House of Worship (HOW) leaders are returning to one worship style. What do I mean by that? Glad you asked. Historically, a church conducted one service with one style of music. Over the past 20 years, HOWs have attempted to reach out to wider audiences by offering worship services tailored to specific audiences. They did this to address a problem that emerged in the early 1980s, when traditional congregants did not like the new music styles that were created in the late 1970s. Equally, contemporary congregants wanted new worship music and less traditional music. Sadly, this led to what has been called “worship wars.”
To defuse the worship wars, HOWs created multiple worship services designed to accommodate multiple congregants. For example, in the Christian faith, a large HOW would offer multiple services on Saturday and Sunday. Saturday night might be tailored to a younger demographic preferring loud contemporary music that incorporates a wide host of technologies such as sound systems that can deliver clear sound at high volumes, and lights (and moving lights) that create different moods and ambiences while situated in a dark worship space.
That same space may then be used at 8:00am on Sunday for a traditional form of worship tailored for elderly attendees who do not want a high-tech experience in a dark room. Instead, they prefer a bright environment with simple music sources, such as the piano or organ. Then, at 11:00am, the same worship space is tailored to reach out to congregants (often the majority) who prefer a blend of the hyper-contemporary Saturday-night service and the traditional 8:00am Sunday service. Then, there might be a service that starts at 1:00pm that is tailored to Hispanics or other ethnic groups.
On paper, this approach looks like a great way to attract a wide audience and address the worship wars. Indeed, this approach has been used successfully in many HOWs around the world. However, after nearly 20 years of implementation, there is another reality that has come to light: burnout. By burnout, I mean staff burnout. In addition, people are changing their views of worship. Thus, many HOWs are returning to one form of worship and, in some HOWs, to just one service.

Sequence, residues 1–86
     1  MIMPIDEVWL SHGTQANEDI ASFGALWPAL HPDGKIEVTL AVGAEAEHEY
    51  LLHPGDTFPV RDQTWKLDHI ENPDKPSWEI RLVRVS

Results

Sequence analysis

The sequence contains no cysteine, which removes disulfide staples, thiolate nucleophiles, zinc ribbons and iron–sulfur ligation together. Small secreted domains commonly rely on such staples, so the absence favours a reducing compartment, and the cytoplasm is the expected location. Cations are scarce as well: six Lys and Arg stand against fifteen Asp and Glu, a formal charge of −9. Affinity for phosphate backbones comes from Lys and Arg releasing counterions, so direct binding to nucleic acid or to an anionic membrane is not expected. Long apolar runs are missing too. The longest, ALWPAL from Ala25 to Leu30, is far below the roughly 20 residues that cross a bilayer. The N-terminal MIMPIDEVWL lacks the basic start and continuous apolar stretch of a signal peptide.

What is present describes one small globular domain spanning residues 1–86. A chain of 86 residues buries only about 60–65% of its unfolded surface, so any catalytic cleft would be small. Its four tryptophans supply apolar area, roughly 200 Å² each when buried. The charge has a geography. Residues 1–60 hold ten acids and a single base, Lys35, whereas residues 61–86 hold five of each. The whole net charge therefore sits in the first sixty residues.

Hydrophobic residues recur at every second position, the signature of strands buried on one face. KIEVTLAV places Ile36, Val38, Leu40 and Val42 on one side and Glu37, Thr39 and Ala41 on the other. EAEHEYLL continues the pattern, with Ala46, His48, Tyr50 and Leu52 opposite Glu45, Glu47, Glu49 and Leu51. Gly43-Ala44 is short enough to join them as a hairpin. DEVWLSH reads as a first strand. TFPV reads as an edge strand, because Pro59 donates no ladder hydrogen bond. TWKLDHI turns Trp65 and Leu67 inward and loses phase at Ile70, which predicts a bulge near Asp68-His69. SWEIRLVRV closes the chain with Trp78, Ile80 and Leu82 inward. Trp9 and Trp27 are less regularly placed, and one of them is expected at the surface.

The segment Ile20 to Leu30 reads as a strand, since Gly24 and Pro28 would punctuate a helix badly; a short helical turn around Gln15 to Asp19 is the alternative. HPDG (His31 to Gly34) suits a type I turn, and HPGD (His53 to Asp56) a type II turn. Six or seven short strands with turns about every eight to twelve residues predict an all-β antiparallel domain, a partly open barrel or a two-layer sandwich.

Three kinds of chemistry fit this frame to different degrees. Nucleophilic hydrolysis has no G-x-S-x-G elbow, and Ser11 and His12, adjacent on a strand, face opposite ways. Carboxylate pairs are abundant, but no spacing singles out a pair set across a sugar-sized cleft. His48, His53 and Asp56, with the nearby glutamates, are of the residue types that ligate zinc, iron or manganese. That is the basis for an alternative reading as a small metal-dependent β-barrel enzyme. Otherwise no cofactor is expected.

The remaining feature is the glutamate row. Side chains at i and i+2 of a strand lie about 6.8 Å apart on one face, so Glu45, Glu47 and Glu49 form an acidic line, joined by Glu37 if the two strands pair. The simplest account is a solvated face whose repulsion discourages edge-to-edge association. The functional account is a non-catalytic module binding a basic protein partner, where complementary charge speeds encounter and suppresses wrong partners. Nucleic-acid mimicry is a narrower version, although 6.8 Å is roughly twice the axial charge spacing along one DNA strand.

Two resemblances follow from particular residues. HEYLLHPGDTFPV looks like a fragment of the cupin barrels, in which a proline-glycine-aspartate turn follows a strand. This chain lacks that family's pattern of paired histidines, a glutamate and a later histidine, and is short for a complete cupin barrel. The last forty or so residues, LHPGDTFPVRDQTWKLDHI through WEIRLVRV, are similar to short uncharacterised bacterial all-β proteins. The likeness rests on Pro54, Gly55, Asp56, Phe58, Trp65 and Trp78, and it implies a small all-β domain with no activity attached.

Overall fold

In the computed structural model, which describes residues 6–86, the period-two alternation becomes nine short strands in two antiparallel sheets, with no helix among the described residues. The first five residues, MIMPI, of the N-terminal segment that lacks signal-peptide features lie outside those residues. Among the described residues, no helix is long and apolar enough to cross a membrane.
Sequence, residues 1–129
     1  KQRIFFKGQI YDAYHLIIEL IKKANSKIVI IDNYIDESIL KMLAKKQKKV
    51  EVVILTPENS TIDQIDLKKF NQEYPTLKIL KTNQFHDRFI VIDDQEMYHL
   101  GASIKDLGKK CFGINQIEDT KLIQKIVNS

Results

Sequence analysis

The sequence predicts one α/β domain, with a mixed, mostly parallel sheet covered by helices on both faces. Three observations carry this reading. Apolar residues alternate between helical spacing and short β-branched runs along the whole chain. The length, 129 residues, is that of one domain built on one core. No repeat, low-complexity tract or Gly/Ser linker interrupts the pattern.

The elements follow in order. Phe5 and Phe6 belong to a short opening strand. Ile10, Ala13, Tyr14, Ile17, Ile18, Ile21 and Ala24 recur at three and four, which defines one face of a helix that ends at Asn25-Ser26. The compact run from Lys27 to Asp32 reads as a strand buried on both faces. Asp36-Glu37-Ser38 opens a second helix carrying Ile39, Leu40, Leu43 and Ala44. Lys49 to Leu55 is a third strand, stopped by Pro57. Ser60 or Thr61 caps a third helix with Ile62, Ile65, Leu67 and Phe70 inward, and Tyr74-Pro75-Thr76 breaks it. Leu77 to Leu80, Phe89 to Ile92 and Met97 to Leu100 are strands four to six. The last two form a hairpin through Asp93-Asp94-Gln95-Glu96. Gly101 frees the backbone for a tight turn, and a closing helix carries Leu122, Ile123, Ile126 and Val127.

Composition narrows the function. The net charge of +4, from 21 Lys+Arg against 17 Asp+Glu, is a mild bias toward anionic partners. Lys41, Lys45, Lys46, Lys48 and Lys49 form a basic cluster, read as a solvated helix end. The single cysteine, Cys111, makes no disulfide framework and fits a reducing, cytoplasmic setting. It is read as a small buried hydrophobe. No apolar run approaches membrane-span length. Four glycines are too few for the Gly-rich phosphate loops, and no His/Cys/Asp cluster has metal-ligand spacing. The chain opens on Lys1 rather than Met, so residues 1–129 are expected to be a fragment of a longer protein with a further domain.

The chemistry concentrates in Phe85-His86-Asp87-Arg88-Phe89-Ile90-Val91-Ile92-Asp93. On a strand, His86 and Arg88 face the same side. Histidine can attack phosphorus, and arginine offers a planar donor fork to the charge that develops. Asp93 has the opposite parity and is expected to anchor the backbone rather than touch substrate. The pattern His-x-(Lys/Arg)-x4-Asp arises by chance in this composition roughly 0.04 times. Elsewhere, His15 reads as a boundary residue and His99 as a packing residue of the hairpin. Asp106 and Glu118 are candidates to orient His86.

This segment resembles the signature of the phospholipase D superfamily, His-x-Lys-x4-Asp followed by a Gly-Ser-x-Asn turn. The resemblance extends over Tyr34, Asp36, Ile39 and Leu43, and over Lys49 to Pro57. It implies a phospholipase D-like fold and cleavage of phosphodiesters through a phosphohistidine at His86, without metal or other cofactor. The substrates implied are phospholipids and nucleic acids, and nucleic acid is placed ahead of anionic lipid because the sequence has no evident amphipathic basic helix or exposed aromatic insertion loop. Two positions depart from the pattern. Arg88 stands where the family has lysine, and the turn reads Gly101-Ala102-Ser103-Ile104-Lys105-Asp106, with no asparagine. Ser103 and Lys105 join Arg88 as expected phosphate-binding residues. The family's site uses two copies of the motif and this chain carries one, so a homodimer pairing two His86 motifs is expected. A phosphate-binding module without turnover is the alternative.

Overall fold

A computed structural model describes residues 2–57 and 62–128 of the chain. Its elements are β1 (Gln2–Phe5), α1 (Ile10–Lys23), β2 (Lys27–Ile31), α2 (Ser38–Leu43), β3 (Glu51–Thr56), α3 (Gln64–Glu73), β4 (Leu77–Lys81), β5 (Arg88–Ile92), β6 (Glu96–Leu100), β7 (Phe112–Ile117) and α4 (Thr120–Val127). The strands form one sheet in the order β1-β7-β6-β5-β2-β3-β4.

Drawn from discussions with worship leaders, articles I’ve read and some research, here are what I think are the five primary reasons why the multiple services approach may be ailing and why a single worship style may be the better approach for a HOW to employ.
First: Some HOWs constructed multiple worship services at different times to address their worship war. Some voices claimed that this created the “us versus them” divisiveness that led to the term “worship wars.” Most religious sources, the Bible in particular, state that a house divided will not stand. Unfortunately, too many HOWs split apart and folded because of the worship wars.
Second: The current generation of millennials is much more flexible with worship styles than previous generations. In fact, they are questioning why there are so many divisions in a HOW instead of one group of people who worship together.
Third: Finding enough staff and musicians to conduct these multiple worship styles is a significant challenge for HOW leaders. Often, the result is that the musicians and music leaders specialize in one music style, but when they try to appeal to another group of people, the results have not been so good.
For example, if the traditional worship leader plays piano or organ and leads the service, the result may be acceptable for elderly or older attendees. However, this approach would probably not be appreciated by younger congregants. Conversely, if the worship leader for the millennial service leads the elderly service wearing torn blue jeans, a flannel shirt, messy hair and plays acoustic guitar while leading the service, the older congregants may not like it.
Fourth: A significant contribution of time and resources is required from the staff and volunteers to create multiple worship services. Over time, the strain becomes intense for everyone, including the pastors and leaders who have to lead these services. In many cases, this leads to burnout, which intensely impacts the worship experiences overall.
Fifth: The single worship style and fewer services often leads to worship spaces that are full and, most importantly, worship experiences that lead to a greater sense of community.
I believe that understanding this shift in worship dynamics is important as we consult with leaders who are still creating multiple worship services and for us to also be able to serve leaders who are transitioning back to single worship styles. That is what I believe. Please tell me what you believe.